One way ticket to Mars
The world is in the grip of Mars mania. Is it new, one may ask. Our fascination with the Red Planet goes back to hundreds of years even though it is...
Poets have gone gaga over the 'cool' Moon and romanticists have lost their moorings over describing the lunar effects on love-struck couples. Centuries of mystery surrounding our nearest planetary neighbour has continued until two Americans Neil Armstrong and Buzz Aldrin landed on the Moon on 20th July 1969 and demystified its secrets to the world. Many have followed in the footsteps of the first Mission to the Moon until scientists have turned their attention to other faraway planets, solar systems and a host of celestial bodies which hold out promises of habitation. As we know, there is no luck so far.
But the Moon mania of the 1990s has given rise to Mars mania now, with governments, individuals and the industry talking about colonizing it, notwithstanding the challenges time and distance pose to humans when they leave the terra firma. Technology will take care of such hurdles is the firm belief of those who are planning to venture into uncharted territories. They are, of course, serious-minded scientific communities.
At the other end, we have people with commercial interests who want to have a big pie in the Mars business. But for the American Mars Rover Curiosity that landed on the Red Planet last year, there is nothing in the vast barren terrain. Rover's search for signs of life in the Martian rocks is yet to yield results but thousands of pictures it is beaming back may help us improve our understanding of the planet which will be of utmost use when the humans launch inter-planetary migration plan.
That is quite far off. Maybe, in another 20 years it will be possible. The likely year is anywhere between 2030 and 2035. A Dutch non-profit organization, Mars One, has initiated a project to send four humans to the Red Planet and invited space buffs. Though the cost is yet to be worked out � a few million dollars, I suppose � the enthusiasm it has generated is phenomenal.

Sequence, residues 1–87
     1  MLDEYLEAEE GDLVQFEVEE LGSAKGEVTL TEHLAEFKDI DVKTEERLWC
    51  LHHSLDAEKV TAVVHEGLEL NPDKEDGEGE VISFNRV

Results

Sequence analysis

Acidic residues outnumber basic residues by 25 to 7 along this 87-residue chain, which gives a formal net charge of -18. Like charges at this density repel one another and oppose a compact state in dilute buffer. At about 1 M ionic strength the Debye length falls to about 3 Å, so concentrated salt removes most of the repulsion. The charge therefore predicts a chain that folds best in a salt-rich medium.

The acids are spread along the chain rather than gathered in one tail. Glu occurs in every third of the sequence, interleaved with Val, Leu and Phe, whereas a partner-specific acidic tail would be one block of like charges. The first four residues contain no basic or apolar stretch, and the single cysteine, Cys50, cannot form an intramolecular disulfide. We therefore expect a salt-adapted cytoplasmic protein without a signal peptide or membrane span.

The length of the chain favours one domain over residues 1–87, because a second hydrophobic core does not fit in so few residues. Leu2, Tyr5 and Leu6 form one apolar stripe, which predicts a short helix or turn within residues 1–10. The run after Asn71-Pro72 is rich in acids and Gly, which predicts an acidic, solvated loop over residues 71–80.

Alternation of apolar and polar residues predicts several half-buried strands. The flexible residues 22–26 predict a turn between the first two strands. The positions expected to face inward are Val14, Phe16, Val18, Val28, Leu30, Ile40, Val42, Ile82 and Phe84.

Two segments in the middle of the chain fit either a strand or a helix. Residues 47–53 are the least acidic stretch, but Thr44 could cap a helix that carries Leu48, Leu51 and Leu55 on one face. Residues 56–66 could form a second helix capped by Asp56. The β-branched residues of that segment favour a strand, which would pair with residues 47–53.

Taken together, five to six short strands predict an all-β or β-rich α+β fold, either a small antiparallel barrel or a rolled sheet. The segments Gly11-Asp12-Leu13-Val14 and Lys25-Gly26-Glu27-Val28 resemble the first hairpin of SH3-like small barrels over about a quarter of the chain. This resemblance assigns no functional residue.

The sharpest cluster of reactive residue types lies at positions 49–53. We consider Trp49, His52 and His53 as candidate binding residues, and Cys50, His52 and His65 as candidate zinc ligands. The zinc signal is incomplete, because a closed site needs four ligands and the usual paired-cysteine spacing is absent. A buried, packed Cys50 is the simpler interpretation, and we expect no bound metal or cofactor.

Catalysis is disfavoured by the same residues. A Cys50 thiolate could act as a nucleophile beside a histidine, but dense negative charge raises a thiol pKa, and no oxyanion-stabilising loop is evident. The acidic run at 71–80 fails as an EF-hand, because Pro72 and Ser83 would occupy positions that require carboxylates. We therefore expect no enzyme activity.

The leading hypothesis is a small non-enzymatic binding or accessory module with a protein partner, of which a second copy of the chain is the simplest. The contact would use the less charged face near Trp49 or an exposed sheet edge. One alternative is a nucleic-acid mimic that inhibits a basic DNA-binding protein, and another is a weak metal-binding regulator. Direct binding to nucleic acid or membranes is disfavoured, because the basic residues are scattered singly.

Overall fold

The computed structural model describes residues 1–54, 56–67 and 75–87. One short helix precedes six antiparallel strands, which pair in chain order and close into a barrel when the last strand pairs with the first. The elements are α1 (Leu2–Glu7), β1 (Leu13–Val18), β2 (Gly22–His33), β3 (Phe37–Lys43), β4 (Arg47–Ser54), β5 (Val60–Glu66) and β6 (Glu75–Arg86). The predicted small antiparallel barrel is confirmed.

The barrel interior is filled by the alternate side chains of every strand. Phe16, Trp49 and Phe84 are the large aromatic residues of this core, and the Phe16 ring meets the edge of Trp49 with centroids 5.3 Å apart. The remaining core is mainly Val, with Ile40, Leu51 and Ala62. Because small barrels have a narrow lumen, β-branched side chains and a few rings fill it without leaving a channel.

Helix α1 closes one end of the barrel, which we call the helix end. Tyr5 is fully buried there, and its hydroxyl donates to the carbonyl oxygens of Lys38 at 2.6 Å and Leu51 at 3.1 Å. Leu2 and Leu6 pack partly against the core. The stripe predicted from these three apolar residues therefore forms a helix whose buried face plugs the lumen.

Among the thousands of applications the project authorities have received, there are 600 Chinese, the highest so far. It is puzzling why such a large number of Chinese are interested in space travel, now called celestial tourism, and settle down on a planet where conditions and surroundings are all alien.
Their journey to Mars is not like going to another continent for permanent residence; it is choosing a planet to end their lives because, as of now, there are no plans to bring those who opt for Martian life back to the Earth. It's just one way ticket to Mars. Still, there is a lot of rush for Journey to Mars, although ultimately only four applicants will be chosen for the privileged landing in 2023. The Dutch are hoping to receive about 5 lakh applications of which 40 will be shortlisted and the selected trained. The final four will be voted in by an international TV audience.
If people are excited about the long-term prospects of winning one way ticket to Mars, NASA is giving Mars lovers a chance to be part of space exploration history as a short- term measure. The University of Colorado and NASA are inviting Mars enthusiasts to submit their names and a personal message online for a DVD that will be carried aboard a spacecraft that will probe the Martian upper atmosphere and ultimately be destroyed. NASA's Mars Atmosphere and Volatile Evolution spacecraft, also known as MAVEN, is scheduled for launch in November.
The DVD will carry every name that is submitted. The public is also encouraged to submit a message in the form of a three-line poem, or haiku. The deadline is July 1. An online public vote to determine the top three poems to be placed on the DVD will begin on July 15. If contributors think that their haikus and messages will be forever like the time capsules, they are wrong.
The recorded DVD won't reach even the Mars surface. After the orbiting mission, the spacecraft will burn up in the planet's atmosphere. But the "Going to Mars Campaign," has a noble mission: It is aimed at making a personal connection to space, space exploration and science. However, those who participate in the mission will be rewarded in other ways: They will get a certificate showing their names will soon be on the way to the Red Planet.
India too is in the race, along with China, Japan, Europe, Russia, and, of course, the US. Our ambitious unmanned mission to Mars in October-November, if successful, has the potential of making it among the first to reach Mars. If India succeeds, it will be a fitting tribute to our ancient astronomers.